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FOEDRC Member Matthew Potthoff discovers the part of the brain that causes a “Sweet Tooth”

August 2020 

The prevalence of obesity continues to increase worldwide due to changes in dietary composition including the addition of sweetners to many food products  and evolving patterns of eating behaviors. In particular, excessive consumption of sugars has been linked to metabolic diseases such as diabetes, insulin resistance and type 2 diabetes. Fibroblast growth factor 21 (FGF21) is a liver-derived hormone that signals to the brain to reduce sugar intake, but the mechanism for this effect was unknown. This new study by Ph.D. student Sharon Jensen-Cody and other colleagues in the laboratory of Matt Potthoff, Associate Professor in the Fraternal Order of Eagles Diabetes Center and Department of Pharmacology and Neuroscience discovered that FGF21 signals to specific nerve cells  called glutamatergic neurons in the brain to lower sugar intake and sweet-taste preference. Interestingly, the researchers demonstrate that FGF21 signals to specific neurons in a small part of the brain called the hypothalamus to lower sugar intake by enhancing their sensitivity to glucose. These findings provide important new insights into how FGF21 functions to regulate dietary preferences and treat metabolic disease.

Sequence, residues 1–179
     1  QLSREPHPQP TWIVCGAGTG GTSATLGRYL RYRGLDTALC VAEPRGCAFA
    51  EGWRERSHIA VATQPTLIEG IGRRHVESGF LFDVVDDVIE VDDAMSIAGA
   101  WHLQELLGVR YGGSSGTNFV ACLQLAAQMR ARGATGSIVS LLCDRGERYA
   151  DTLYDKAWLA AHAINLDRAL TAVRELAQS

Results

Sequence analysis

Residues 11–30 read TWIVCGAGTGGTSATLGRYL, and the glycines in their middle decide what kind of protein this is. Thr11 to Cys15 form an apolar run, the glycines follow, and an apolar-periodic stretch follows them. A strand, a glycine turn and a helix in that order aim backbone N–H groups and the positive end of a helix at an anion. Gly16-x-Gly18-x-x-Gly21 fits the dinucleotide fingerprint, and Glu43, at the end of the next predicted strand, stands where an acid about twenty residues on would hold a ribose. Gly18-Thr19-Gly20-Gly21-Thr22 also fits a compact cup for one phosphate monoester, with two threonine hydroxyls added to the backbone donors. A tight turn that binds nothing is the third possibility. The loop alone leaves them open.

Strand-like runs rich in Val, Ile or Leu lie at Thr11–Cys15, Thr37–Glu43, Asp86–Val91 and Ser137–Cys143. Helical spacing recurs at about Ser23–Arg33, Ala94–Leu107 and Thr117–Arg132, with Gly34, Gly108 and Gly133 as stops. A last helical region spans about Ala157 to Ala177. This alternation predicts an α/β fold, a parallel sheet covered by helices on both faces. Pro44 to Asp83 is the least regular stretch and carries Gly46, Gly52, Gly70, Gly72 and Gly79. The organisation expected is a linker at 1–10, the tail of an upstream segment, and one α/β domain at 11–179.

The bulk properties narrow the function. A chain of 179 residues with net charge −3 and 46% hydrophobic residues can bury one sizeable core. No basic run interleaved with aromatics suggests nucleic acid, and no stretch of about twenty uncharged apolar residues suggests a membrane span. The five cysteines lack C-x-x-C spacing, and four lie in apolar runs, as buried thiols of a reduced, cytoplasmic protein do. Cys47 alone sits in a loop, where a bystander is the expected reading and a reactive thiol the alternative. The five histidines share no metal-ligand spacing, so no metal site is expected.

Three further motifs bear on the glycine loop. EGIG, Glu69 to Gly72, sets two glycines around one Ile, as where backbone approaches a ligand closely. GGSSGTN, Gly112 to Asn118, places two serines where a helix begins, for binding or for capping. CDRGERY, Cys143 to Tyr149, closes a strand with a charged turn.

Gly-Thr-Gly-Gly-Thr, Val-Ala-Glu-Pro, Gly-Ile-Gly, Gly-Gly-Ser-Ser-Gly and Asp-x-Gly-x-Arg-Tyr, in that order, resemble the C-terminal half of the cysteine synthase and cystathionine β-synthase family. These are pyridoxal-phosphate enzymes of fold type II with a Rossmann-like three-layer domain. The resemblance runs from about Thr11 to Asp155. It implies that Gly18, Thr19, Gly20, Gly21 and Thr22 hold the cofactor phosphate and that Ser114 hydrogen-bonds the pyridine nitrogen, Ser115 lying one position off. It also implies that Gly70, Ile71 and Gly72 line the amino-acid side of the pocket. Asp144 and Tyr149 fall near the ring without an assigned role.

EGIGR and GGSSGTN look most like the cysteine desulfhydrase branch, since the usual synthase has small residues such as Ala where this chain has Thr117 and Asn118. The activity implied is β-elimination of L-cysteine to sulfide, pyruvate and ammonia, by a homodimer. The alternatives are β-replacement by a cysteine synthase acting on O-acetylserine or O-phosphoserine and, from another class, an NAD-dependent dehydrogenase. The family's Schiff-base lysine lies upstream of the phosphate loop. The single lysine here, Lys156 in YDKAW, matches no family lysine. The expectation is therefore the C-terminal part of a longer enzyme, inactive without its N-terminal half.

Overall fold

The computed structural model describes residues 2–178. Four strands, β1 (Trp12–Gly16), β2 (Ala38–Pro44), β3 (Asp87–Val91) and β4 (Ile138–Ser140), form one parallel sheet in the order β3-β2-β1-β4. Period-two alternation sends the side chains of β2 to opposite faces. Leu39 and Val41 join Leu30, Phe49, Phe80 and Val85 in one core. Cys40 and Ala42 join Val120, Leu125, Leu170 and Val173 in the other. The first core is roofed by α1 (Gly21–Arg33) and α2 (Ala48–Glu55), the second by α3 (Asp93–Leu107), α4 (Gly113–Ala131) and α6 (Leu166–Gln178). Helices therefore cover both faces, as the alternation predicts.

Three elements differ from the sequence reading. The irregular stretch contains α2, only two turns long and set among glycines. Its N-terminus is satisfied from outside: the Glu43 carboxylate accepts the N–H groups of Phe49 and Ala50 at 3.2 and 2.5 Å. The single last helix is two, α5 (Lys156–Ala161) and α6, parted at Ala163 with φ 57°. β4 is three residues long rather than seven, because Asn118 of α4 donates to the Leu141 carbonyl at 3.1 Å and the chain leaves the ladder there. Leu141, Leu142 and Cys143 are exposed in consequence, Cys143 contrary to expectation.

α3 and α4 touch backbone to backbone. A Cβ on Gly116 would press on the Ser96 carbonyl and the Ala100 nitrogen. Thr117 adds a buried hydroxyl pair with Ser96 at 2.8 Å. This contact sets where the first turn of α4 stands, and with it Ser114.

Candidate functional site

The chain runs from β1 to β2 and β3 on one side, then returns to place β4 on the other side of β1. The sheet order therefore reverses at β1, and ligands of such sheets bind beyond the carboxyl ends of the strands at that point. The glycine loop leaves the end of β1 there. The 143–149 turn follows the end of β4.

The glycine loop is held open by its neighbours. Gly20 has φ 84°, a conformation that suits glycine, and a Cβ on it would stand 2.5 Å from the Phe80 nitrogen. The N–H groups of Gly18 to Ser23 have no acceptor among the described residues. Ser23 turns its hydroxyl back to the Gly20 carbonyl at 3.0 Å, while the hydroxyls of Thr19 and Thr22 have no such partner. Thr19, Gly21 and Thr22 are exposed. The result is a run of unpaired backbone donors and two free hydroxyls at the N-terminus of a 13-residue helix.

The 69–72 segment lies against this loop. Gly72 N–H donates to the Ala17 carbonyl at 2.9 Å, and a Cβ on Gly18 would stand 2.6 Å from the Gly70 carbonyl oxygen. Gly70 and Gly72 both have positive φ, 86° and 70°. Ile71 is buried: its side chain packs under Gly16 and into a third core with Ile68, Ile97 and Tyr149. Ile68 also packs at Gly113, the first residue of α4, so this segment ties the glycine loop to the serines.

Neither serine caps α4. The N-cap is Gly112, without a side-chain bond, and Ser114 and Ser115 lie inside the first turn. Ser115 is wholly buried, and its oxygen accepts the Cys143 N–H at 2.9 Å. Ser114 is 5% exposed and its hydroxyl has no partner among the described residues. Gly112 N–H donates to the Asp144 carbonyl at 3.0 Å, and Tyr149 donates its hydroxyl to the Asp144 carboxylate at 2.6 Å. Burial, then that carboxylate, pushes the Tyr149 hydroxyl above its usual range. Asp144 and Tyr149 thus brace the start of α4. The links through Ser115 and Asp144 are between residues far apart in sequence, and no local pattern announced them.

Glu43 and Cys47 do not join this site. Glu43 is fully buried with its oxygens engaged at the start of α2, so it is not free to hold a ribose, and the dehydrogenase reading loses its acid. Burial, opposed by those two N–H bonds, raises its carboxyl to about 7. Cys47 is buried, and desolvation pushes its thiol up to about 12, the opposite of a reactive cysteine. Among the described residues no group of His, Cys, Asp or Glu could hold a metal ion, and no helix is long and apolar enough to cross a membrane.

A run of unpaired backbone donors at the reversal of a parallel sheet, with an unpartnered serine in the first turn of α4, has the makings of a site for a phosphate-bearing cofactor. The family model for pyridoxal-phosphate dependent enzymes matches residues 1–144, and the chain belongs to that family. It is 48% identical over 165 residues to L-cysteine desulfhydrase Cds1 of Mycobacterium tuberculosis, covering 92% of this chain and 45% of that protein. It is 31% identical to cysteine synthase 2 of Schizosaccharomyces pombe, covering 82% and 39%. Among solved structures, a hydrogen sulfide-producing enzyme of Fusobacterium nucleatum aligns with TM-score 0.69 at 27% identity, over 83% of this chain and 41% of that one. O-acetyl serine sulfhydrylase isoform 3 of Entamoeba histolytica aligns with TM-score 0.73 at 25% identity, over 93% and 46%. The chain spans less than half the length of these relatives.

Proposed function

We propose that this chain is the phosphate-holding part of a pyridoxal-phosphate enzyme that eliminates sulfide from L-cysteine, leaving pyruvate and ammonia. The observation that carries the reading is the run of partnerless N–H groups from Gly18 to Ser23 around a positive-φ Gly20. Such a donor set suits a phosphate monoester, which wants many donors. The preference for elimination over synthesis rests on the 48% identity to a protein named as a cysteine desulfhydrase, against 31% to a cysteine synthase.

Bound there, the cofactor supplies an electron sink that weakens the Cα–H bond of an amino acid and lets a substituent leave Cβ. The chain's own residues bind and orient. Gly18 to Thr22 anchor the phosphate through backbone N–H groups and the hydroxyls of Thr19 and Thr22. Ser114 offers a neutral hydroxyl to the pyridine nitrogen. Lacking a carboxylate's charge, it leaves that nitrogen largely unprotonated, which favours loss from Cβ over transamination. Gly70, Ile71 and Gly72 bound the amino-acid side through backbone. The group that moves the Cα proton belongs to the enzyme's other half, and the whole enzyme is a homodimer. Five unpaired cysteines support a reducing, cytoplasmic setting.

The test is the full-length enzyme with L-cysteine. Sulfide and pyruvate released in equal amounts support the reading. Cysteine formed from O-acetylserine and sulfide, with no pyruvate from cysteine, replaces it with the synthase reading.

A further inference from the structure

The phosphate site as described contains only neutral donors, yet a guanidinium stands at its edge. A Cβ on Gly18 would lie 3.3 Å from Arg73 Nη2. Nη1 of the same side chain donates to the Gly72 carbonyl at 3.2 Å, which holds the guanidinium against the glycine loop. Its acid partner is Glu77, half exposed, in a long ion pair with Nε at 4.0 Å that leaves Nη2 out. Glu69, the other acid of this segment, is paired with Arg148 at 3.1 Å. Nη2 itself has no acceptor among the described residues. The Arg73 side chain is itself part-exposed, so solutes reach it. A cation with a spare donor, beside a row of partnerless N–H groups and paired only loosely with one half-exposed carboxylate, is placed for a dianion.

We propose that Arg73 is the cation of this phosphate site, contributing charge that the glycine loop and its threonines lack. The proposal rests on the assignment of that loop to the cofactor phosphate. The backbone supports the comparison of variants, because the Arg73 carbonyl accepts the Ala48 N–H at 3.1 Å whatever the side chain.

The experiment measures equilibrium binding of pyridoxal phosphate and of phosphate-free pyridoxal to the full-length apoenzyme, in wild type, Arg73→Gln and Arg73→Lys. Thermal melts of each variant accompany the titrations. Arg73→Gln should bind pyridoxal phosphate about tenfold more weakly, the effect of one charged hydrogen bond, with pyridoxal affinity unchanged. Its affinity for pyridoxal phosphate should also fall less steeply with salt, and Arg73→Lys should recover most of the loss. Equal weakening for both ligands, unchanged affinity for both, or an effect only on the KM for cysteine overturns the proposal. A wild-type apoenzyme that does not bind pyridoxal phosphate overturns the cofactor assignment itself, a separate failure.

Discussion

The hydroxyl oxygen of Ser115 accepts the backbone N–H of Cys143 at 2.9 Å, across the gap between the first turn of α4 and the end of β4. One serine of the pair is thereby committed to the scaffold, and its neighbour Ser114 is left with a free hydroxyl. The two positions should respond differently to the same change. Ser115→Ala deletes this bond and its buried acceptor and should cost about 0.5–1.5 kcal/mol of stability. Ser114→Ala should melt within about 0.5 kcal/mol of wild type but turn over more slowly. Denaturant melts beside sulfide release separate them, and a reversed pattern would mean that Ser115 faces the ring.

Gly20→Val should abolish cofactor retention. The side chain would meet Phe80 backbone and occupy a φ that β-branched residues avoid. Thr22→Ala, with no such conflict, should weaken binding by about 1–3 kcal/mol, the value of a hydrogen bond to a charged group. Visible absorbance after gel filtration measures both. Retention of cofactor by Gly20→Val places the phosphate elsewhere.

Importantly, from a therapeutic perspective, this breakthrough by the Potthoff laboratory raises the interesting possibility that molecular therapies could be developed to treat obesity and type 2 diabetes by improving dietary choices. Specifically, their work provides a potential approach to decrease appetite for sweets (desserts)...basically the CHANTIX for sweets...